Afghan “peace requires agreement on four issues”, says US Special Representative for Afghan Reconciliation Zalmay Khalilzad. These issues are counter-terrorism assurances, troop withdrawal, intra-Afghan dialogue, and a comprehensive ceasefire.
In January, Khalilzad informed that he and Taliban made progress on two issues: counter-terrorism guarantees on Taliban’s part in return for US-led NATO troop withdrawal from Afghanistan. On March 12, Khalilzad broke the news of having “agreed in drafts” on Taliban counter-terrorism guarantees and the withdrawal of troops.
On April 1, Khalilzad was in Afghanistan to work on the third issue of an intra-Afghan dialogue between Taliban and the rest of Afghans including the Afghan government. Khalilzad was in the country to help form an Afghan team that will talk to Taliban. Here is a genuine problem.
In talks on two issues between the US and Taliban in Doha, the Afghan government, under President Ashraf Ghani, had no participation. What added insult to injury was that even in Afghanistan it was seemingly not Ghani but Khalilzad who choreographed meetings with Afghans of various persuasions. It should have been the exclusive prerogative of the Afghan government to evolve a consensus in the country to form an inclusive team that will talk to Taliban.
Zalmay Khalilzad encroached upon the authority of Afghan government. “We look forward to the formation of a unified, inclusive Afghan negotiating team to lead the #Afghan Peace Process”, tweeted Zalmay Khalilzad. While in Afghanistan, Khalilzad met with various segments of Afghans including the government officials, women, and tribal elders and so on. It couldn’t have been more embarrassing when the US delegation avoided to even sit in a meeting where Hamdullah Mohib, Ghani’s National Security Adviser, was in attendance. The peace process is not even remotely Afghan-led.
First, Khalilzad and his delegation are Americans. Secondly, Taliban, although Afghans, do not have any representation in either house — House of People and House of Elders — of the Afghan legislature, the National Assembly. Their following mainly comes from madrassa students, fellow militant Islamists that ascribe to their ideology and a chunk of Pashtuns from across the country.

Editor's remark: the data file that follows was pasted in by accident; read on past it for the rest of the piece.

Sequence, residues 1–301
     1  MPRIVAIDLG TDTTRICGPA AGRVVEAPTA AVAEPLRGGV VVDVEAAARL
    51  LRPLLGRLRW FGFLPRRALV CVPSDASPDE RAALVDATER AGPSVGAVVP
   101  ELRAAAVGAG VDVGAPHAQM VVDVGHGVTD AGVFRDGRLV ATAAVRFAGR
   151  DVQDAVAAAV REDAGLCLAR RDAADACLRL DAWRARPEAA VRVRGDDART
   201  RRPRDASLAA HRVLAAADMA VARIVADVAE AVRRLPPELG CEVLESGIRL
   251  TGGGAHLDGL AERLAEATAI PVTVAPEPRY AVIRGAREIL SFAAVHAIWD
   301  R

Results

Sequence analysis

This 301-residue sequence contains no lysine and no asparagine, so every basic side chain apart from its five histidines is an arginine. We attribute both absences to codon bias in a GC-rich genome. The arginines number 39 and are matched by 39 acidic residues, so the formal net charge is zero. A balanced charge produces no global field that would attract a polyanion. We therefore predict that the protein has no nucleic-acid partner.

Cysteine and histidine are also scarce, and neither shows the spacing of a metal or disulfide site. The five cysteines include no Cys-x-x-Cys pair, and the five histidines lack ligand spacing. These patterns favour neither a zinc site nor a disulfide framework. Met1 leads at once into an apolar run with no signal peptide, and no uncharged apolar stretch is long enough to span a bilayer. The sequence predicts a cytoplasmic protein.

Similarly, the likes of former president Hamid Karzai and former National Security Adviser, Muhammad Hanif Atmar — whom Taliban have engaged with in talks at least in Moscow — are not the elected representatives of the Afghans. The duo’s value to Taliban stems from their common opposition to President Ghani. The only true representation of Afghans, in principle, comes from their elected representatives. Article 4 of the Afghan constitution states: “National sovereignty in Afghanistan shall belong to the nation, manifested directly and through its elected representatives.” Unfortunately, elected representatives of Afghans continue to be excluded from the peace negotiations.
Common Afghans, especially women, politicians, Taliban and Afghan government are all enthusiastic about the success of the talks. Largely excluded, the Kabul government cannot opt out of talks though. Declining to participate in peace talks means risking the support of the US, which is the main reason why a government exists in Kabul at all. More, there is a groundswell support for talks.
The National Unity Government (NUG) can hardly put a unified resistance. It is a fraternity of disparate and disgruntled lot of a Pashtun President, Tajik Chief Executive Officer and Uzbek Vice President. Their unity government was the result of a US-brokered agreement between Ashraf Ghani and Abdullah Abdullah after both claimed victory in the 2014 controversial presidential election. One wonders how Khalilzad would convince the emboldened Taliban to talk to the Afghan government in mid-April in Doha.
Chances are Taliban will be discussing peace measures including the formation of an interim setup in Afghanistan with US-delegation led by Khalilzad, Afghan politicians who are not part of the incumbent government, and some representatives from Afghanistan’s diverse ethnic groups and women leaders.
Back in February, Taliban had one such meeting in Moscow where they met with Hamid Karzai and Mohammad Hanif Atmar and at least one Afghan woman. Probably, in attendance will also be the Afghan government representatives but not as official delegation representing Kabul.
In November 2018, Russia hosted talks between Taliban and Afghanistan’s high peace council at Moscow’s President hotel, alongside representatives from Iran, China, Pakistan, Tajikistan, Uzbekistan and Turkmenistan. The High Peace Council participated “in its own capacity as a national but non-government institution,” stated Afghan foreign office statement back in November 2018. Any peace measures are doomed to failure in the absence of Afghan government leaders whom Taliban have outrightly rejected to talk to and, unfortunately, the US has acquiesced in.
The Ghani administration has rejected the idea of an interim setup. “An interim government means going back to square one, scrapping the constitution and reversing the gains of the past 18 years,” wrote Samim Arif, the deputy spokesperson for the Afghan president, in an opinion piece on Aljazeera website. “There will be no interim government or a so-called transitional arrangement,” tweeted Dr Abdullah Abdullah, the Chief Executive of Afghanistan, on April 1. Both candidates have their eyes on the slot of president in the coming presidential election, the holding of which is in jeopardy due to likelihood of an interim government.
Afghanistan is at the critical juncture of history. If not rectified, the peace talks are pushing the country, once again, towards another episode of instability. An all-inclusive peace is the way forward.